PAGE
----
Bangalore, India.

Commercial Street

Look at the energy and crowds!

Day 8

The next day, we all got into our taxi to go to Bannerghatta National Park about 2 hours from the middle of the city. On the way there, we had a very spicy, but very good South Indian lunch. As soon as we arrived in the park, we were bombarded by enormous masses of people. As it turned out, the Dashara festival attracted huge crowds and the safari had filled up before we got there. I still hope that I can see some great animals before leaving. One thing about traveling, and especially in India, is you must be flexible! We returned back to Bangalore, got delicious sundaes and enjoyed the city at dusk before getting on our train back to Udupi. Photos below.

A quiet Sunday morning in Bangaluru

Our taxi was decorated for the Dashara Festival... (see "Decorated Trucks" in 'Useful Links')

Waiting at the train station

Going home!


Travel week throughout South India was one of the most amazing experiences I have had in my entire life. Not only did I sew new things, enjoy new cuisine, and meet new people, but I learned so much more about India. What I have discovered about being here is that even a four year stay, let alone the four months I am here, would never teach me everything I would want to know about this country. Actually, I think I could spend a lifetime and not know everything! I most definitely hope to return to this region of India someday and am excited to keep exploring until the very last minute when I board my plane in Delhi. I am so grateful for this opportunity!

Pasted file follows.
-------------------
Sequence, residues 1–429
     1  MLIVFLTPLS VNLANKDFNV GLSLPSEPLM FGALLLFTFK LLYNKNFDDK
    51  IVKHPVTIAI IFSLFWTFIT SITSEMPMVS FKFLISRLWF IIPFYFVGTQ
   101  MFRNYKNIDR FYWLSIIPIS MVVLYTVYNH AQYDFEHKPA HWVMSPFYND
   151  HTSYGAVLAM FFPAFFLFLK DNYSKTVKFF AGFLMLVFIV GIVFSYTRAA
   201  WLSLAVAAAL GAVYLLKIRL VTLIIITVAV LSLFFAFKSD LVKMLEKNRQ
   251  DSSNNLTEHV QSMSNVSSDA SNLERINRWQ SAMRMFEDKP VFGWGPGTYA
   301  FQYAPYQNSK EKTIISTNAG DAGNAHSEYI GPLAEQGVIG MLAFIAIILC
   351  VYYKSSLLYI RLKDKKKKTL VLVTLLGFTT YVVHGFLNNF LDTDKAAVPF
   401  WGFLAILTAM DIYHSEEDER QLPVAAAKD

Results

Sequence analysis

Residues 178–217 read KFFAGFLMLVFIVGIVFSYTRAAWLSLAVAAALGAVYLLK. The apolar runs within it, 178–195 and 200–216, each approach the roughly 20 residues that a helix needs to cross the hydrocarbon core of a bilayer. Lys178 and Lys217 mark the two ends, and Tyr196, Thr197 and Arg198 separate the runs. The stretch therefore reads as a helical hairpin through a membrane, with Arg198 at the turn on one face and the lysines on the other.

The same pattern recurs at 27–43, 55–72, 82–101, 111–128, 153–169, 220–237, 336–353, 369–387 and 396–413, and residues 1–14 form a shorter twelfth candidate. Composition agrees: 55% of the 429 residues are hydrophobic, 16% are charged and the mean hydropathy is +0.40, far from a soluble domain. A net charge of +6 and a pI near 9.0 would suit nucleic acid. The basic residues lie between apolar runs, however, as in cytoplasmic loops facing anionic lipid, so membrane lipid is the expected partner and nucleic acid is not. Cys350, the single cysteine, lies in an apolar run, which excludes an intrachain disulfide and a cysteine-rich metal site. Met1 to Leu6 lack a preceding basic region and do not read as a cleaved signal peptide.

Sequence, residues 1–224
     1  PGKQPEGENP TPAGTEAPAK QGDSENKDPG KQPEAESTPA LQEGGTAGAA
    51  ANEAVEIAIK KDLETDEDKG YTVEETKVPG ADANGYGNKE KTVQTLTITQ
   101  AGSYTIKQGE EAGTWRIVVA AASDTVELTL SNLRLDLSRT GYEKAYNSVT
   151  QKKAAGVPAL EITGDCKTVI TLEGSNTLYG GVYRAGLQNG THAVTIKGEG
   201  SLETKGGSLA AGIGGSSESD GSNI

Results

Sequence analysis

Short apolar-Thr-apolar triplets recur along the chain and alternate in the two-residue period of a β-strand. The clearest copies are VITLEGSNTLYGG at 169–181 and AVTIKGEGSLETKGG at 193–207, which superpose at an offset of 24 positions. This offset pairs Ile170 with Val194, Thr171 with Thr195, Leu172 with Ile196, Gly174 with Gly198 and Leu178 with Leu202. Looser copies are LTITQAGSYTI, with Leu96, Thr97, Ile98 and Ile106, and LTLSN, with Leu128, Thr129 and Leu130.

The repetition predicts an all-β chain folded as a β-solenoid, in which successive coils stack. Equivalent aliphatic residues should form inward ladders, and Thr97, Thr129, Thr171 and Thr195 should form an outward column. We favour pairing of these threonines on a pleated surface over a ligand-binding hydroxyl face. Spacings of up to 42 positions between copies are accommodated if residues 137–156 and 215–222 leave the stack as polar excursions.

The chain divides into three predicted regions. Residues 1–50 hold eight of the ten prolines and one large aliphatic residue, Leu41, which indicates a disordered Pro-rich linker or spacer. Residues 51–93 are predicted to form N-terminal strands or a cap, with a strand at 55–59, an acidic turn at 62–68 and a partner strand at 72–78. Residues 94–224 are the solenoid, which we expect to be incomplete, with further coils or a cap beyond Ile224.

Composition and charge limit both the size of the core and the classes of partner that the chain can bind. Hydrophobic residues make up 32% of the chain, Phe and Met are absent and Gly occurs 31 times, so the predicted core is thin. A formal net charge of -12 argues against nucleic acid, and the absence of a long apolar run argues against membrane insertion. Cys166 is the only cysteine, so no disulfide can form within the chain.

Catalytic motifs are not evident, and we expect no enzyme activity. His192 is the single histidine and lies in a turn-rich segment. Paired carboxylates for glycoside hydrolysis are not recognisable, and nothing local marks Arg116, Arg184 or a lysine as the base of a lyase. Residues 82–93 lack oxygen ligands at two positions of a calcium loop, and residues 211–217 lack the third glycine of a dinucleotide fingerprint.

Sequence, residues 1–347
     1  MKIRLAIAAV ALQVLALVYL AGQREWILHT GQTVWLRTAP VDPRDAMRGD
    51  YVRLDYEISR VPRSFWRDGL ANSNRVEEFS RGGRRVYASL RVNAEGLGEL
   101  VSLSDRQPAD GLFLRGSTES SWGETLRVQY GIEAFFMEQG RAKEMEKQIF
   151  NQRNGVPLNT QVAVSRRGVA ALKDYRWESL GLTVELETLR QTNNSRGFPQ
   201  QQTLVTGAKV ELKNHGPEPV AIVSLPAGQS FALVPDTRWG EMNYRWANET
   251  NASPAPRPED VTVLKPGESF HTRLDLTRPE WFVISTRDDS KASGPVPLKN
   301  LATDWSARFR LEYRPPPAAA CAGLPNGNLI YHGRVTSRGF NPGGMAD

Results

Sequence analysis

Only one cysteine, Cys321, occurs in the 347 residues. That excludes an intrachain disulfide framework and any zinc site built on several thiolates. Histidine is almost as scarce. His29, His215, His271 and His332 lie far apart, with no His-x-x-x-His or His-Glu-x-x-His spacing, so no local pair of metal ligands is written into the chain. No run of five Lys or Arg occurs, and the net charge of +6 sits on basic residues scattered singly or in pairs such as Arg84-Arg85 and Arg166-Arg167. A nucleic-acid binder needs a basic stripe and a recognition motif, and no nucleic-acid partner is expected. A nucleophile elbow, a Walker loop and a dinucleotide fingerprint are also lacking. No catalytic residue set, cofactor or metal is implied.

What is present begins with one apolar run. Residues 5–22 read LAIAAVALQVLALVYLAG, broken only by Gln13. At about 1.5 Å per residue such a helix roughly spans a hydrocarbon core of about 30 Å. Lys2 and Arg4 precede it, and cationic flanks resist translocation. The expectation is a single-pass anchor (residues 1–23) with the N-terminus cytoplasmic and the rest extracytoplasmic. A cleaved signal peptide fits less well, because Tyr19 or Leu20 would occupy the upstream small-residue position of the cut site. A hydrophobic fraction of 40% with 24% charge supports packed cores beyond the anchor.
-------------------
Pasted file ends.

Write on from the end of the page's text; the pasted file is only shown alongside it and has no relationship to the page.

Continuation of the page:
The journey through South India!


Thank you for reading my chronicles of travel week! I hope you enjoyed them. For the last 4-5 weeks I am here, I will be resuming my posts about life in Manipal, so be sure to keep on reading. I have come to immensely love writing for this blog, as I love to write and I love to travel. Please do not hesitate to comment or email with any questions or remarks.




Thursday, November 5, 2015

Kanyakumari (Days 5 and 6, Travel Week)

Day 5

At the southernmost threshold of India lies Kanyakumari. Known for its indescribably beautiful sunsets (and sunrises), this city is also legendary because it has been mentioned in both of India's most famous epics, the Ramayana and Mahabharata. As I have mentioned in previous blog posts, the Ramayana is an Indian epic in which Ram, a divine king, saves Sita, a divine queen, from Ravana (Ravana is an evil demon). Unlike the Ramayana, I have not read the Mahabharata, so I am not as familiar with it, but according to what I have heard and read, the story is about the Kukrukshetra War, the defeat of demons by Krishna, and contains the Bhagavad Gita, a religious and philosophical work it its own right.

During our stay in Kanyakumari, the annual Dashara festival was being held. Dashara is a Hindu festival which, coincidentally, celebrates the defeat of Ravana by Rama. In essence, the festival commemorates the victory of good over evil. Because it is such a big celebration, we were able to witness a huge parade on the day we were there. However, this also caused problems with our intended plans (for example, the ferry to the Vivekanandhar Rock Memorial and Thiruvalluvar Statue was very crowded and closed much earlier than we anticipated). We still got to see these places from a distance, and it was probably worth it in order to experience the festival! The parade is better described with photos, so I will say no more (Photos below).